The Trade Desk Opens Up

One thing that’s great about when companies go public is the issuing of an S-1 prospectus. These often reveal interesting material — such as how dependent on Google, Omnicom and WPP a company like The Trade Desk is.

The Trade Desk (Nasdaq: TTD), a buy or demand-side platform that provides access to all RTB inventory, went public last month. So far, the market seems to like the stock. It was trading at $26 last we looked, and now has a market cap of just over $1 billion, almost twice the original projected range. Will this trigger a bunch more ad tech IPOs?

The Trade Desk’s IPO provides a unique opportunity to see both how viable ad tech companies are in the public markets as well as to evaluate The Trade Desk in particular. We find ad tech companies secretive, especially when talking about clients. And so far, the marketplace record is mixed. Since its 2013 IPO, ad tech company Rocket Fuel has lost ground and was trading at $2.51, near its 52-week low, at last glance. Rocket Fuel is due to reveal third quarter results next Tuesday.



According to its S-1, The Trade Desk believes that buyers have the advantage in the programmatic market.

“We had approximately 389 clients, consisting primarily of advertising agencies, as of December 31, 2015,” it reports. “Many of these agencies are owned by holding companies, where decision-making is decentralized such that purchasing decisions are made, and relationships with advertisers are located, at the agency, local branch or division level. If all of our individual client contractual relationships were aggregated at the holding company level, Omnicom Group Inc. and WPP plc would each represent more than 10% of our gross billings for 2015.”

Programmatic TV Advertising
The document expresses some uncertainty as to the projected growth of programmatic television advertising, and the amount of money required to exploit it.

“As new types of inventory, such as digital advertising for television, become available, we will need to expend significant resources to ensure we have access to such new inventory,” the Trade Desk warns. “Although television advertising is a large market, only a very small percentage of it is currently purchased through digital advertising exchanges. We are investing heavily in our programmatic television offering, including by increasing our workforce and by adding new features, functions and integrations to our platform. If the digital television advertising market does not grow as we anticipate or we fail to successfully serve such market, our growth prospects could be harmed.”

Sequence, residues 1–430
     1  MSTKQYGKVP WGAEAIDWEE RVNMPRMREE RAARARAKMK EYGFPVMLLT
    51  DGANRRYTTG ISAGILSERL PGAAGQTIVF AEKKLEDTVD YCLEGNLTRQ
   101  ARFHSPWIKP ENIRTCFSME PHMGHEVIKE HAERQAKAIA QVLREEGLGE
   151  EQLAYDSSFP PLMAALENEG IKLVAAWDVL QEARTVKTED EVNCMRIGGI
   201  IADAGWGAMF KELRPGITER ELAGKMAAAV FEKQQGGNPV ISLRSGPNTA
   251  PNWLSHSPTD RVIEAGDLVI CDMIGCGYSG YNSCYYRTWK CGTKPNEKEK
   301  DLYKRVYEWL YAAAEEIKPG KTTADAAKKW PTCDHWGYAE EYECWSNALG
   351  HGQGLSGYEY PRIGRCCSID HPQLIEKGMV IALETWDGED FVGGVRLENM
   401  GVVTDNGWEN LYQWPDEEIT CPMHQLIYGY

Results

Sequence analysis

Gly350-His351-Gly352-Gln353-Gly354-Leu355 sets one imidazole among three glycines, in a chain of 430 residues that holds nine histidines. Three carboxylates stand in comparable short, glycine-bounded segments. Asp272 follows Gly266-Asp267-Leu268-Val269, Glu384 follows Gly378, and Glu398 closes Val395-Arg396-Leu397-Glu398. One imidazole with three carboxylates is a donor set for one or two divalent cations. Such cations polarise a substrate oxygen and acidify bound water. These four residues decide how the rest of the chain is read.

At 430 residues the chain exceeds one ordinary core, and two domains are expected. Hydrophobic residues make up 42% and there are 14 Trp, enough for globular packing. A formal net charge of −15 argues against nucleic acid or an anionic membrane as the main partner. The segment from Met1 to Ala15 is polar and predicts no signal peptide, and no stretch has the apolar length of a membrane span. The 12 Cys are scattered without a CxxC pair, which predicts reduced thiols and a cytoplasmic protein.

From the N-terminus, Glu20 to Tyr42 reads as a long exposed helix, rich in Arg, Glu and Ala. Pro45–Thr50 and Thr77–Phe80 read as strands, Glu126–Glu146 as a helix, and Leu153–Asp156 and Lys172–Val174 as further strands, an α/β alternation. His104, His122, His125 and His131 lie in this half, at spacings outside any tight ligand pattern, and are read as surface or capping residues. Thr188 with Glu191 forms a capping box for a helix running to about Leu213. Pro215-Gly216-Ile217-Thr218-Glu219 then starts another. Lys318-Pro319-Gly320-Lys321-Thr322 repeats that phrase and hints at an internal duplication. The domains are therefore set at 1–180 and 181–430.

Moreover, the S-1 warns, ad agencies are slow payers. “We typically experience slow payment by advertising agencies as is common in our industry. In this regard, we had average days sales outstanding, or DSO, of 88 days, and average days payable outstanding, or DPO, of 64 days at June 30, 2016.  … If our DSOs increase significantly, and we are unable to borrow against these receivables on commercially acceptable terms, our working capital availability could be reduced, and as a consequence our results of operations and financial condition would be adversely impacted.”

In other words, if ad agencies become deadbeats, we will suffer. None of this is particularly worrisome. Financial documents like this require that companies list all possible adverse conditions that could materially affect their business, and mentioning a worst-case scenario doesn’t mean it will happen.

Ad Tech IPOs Rare
The Trade Desk has good numbers, reaching profitability in 2013, and with growth year-to-year reaching 100% — way better than the industry average. As long as Omnicom and WPP still needs its services, it will prosper. But this particular IPO is being closely watched because tech company IPOs have been scarce lately, especially given the volatility and uncertainty in the marketplace.

The Trade Desk also has some interesting comments on Google as both a competitor and client.

“A few inventory suppliers hold a significant portion of the programmatic inventory either generally or concentrated in a particular channel. For example, one supplier represented more than 10% of our accounts payable at June 30, 2016. In addition, we compete with companies with which we have business relationships. For example, Google is one of our largest advertising inventory suppliers in addition to being one of our competitors. If Google or a similarly situated company limits our access to advertising inventory, our business could be adversely affected.”

The S-1 continues, on page 19 if you care to read it, with additional caveats and “if-this-happens” scenarios regarding inventory. When all is said and noted, though, The Trade Desk expects programmatic advertising to about triple through the end of the decade, citing Magna Global projections that the marketplace will grow from $14.2 billion in 2015 to $36.8 billion by 2019.

Given the extreme volatility of tech stocks, and the various bubbles we’ve all encountered, The Trade Desk’s trading history inspires much-needed confidence.

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